Cyclists should always consider potential hazards they could encounter while training or racing on the road. Obviously, vehicles are critical hazards, but you should also consider some of the smaller details that are easy to overlook, even though they can greatly impact comfort and safety.
This guide goes over one of those small but effective details: sweat management. Let’s break down how to keep sweat out of your eyes when cycling so you can focus less on the heat and more on exercising.
The Importance of Combating Sweat
Sweat is a major component of the body’s natural temperature regulation system. Whether cycling, running, or playing tennis, sweat happens, and that’s a good thing for your body. But moisture saturating a fabric headband across your forehead will feel uncomfortable when cycling. Also, a saturated cloth headband won’t prevent sweat from dripping into your eyes—it could even make it worse.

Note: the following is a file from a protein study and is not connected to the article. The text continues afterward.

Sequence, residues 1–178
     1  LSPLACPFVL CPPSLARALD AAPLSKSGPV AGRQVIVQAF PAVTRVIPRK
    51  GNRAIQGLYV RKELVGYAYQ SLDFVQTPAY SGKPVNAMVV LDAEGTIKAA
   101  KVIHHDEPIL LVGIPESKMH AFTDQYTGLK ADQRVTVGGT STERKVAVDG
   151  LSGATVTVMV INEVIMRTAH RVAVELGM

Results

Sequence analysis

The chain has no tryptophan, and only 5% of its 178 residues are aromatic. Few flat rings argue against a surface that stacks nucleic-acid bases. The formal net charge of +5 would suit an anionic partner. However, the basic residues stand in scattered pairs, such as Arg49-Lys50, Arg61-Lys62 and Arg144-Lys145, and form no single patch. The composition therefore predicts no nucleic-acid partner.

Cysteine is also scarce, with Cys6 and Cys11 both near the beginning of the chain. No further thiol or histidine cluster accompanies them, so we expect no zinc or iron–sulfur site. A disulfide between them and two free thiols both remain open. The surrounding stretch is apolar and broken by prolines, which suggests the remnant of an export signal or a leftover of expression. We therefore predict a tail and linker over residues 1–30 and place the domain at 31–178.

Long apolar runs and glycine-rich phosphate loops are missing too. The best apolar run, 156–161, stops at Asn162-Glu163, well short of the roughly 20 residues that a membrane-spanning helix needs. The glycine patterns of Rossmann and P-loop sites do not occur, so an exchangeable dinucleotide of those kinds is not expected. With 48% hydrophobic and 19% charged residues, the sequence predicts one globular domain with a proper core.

Stinging, irritated eyes and the resulting blurred vision and excess blinking affect your safety and your ability to control your bike. Fortunately, you don’t have to constantly shake sweat off your head or raise a hand to wipe it off your forehead—there’s a better way.
The primary issue with sweating while cycling is how it gets into your eyes: dripping from the forehead. For this reason, sweat-diverting headbands are the most effective way to optimize comfort, focus, and sweat management when cycling. For example, our Veo Strip under-helmet headband is a slim, lightweight band with a channel that redirects the sweat that rolls into it, diverting it away from your eyes. You simply apply the Veo Strip headband to your forehead, pressing it on until it adheres, and it will redirect moisture trickling down your head away from your eyes.
The ability to divert sweat rather than absorb it is critical to optimizing comfort. Sweat absorbing into a headband creates a heavy and uncomfortable feeling. Fabric headbands also trap heat against your forehead, and they have a saturation point. When they’ve soaked up all the sweat they can hold, the moisture just starts dripping off of them and running into your eyes anyway.